Long-billed Curlews are the other common grasspiper in winter. Real shorebirds will use Soda Lake when it's holding water, but it was bone dry on this visit.


Here are some more stripes of the brownish rainbow that make up Ferruginous Hawk color morphs.


This was my last and 550th bird species in 2011, a LeConte's Thrasher. Since I have only been lucky enough to see them three (3) times, I have no shame for publicly displaying this atrocious photograph. LeConte's Thrashers are not rare on the Carrizo Plain, and this is one of the better places to look for them in California.

10 comments:

  1. The loggerhead shrike is the leopard lizard of the bird world. Totally badass. Well they are not cannibalistic so I guess my analogy falls apart a little, but from a shear "strike fear into the lizards of the plain" they cannot be feared. Seeing one probably makes me happier than seeing any other species. That and the Roadrunner. Maybe I am just in to lizard killing birds that think they are still dinosaurs.

    Le Conte's Thrashers are also pretty dope. I have had great success seeing them in the Eastern Mojave in spring along Kellbaker Rd. Dozens.

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    1. Yes, shrikes are indeed fascinating...I wish we had more species on the continent. I've seen 3 kinds though, so can't complain too much.

      Kellbaker Road...where is that?

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    2. Kelbaker Rd. is in the Eastern Mojave going South of Baker towards the Kelso Dunes hence the creative name. Don't confuse it with Kelcima Rd. which connects Kelso Dunes and Cima. Baker is the halfish way stoping point for LA folks heading out to Las Vegas on I-15. Also, Baker is home to the world's largest (and lamest) thermometer. It is just past Zzyzx.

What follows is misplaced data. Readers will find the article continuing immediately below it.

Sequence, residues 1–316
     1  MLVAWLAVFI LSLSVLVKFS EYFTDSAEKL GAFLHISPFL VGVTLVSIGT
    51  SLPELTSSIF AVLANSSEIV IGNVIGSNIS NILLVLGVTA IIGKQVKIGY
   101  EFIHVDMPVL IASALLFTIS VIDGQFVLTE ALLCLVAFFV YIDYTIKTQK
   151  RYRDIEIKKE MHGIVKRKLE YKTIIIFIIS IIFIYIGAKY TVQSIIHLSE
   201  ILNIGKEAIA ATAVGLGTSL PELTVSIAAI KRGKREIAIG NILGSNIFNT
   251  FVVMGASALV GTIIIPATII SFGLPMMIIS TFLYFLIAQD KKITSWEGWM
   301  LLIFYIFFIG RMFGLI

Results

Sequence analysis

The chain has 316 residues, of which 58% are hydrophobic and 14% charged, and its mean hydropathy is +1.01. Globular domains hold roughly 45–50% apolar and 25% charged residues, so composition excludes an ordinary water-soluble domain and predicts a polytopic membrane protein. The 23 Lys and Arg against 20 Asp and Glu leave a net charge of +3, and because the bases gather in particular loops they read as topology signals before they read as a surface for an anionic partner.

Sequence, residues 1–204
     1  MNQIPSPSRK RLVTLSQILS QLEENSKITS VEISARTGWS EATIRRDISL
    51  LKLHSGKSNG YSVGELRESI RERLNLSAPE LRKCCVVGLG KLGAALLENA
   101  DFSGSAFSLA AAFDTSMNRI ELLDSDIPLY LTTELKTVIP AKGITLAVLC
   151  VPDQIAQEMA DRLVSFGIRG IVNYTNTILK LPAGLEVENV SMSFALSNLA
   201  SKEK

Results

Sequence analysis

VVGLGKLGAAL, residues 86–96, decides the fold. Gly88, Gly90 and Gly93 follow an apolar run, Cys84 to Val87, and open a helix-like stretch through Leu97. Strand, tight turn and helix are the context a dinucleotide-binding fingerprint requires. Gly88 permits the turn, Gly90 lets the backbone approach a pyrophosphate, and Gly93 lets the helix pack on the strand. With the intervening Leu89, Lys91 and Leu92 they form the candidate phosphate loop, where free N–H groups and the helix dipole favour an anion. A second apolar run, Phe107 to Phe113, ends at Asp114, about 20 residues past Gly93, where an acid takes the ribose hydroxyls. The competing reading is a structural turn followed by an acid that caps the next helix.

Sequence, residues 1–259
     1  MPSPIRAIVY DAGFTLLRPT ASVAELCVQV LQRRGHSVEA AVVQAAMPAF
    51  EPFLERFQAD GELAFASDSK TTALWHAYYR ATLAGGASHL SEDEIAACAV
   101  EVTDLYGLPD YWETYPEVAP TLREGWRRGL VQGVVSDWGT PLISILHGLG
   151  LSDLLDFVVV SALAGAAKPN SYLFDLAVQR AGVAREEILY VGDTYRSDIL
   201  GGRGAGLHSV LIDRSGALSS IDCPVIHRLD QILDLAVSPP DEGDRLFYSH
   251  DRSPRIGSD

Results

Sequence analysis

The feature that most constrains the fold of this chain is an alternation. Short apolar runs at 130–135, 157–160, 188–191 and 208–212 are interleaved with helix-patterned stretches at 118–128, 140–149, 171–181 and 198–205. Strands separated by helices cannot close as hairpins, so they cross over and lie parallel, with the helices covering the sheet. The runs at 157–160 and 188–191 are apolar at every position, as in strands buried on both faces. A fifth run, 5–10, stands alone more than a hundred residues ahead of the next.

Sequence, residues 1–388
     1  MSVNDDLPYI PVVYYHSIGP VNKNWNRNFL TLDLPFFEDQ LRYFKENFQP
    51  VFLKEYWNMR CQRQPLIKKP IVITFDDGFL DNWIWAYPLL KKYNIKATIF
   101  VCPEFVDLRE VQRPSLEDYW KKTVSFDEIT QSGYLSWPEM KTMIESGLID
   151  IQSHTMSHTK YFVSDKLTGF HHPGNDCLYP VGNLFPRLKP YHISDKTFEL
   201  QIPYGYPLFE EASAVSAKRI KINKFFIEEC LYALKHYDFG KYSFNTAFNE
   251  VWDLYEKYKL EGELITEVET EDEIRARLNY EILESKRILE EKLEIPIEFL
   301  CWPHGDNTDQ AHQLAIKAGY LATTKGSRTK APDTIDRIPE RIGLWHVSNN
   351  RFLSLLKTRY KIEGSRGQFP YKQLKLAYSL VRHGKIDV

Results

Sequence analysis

Map: https://maps.google.com/maps?q=Kelbaker+Road,+San+Bernardino,+CA&hl=en&ll=35.054732,-115.691528&spn=1.094929,2.164307&sll=37.0625,-95.677068&sspn=33.901528,69.257812&oq=Kelbaker+Rd&hnear=Kelbaker+Rd,+Newberry-Baker,+San+Bernardino,+California&t=h&z=9

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    3. Thanks JK! Good to know...I haven't poked around that corner of the Mojave much.

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    4. Got a couple of posts from that area and some pictures from last Spring that I still have not gotten around to posting.

      http://cameratrappingcampus.blogspot.com/search/label/Mojave%20Desert

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  2. Sounds like an amazing place! That Prairie Falcon is a handsome fellow. Those are some enormous ears on that coyote...

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  3. Prairie Falcons are extremely good looking birds. Too bad they are so bloody hard to get close to!

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  4. Coyotes are funny. They can laugh all they want. I saw two take on a nutria this afternoon. Point nutria, surprisingly.

    Sweet Vesper Sparrow shot on the purty rock.

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    1. Yeah dude. I saw your ridic pic on facebook. Cray!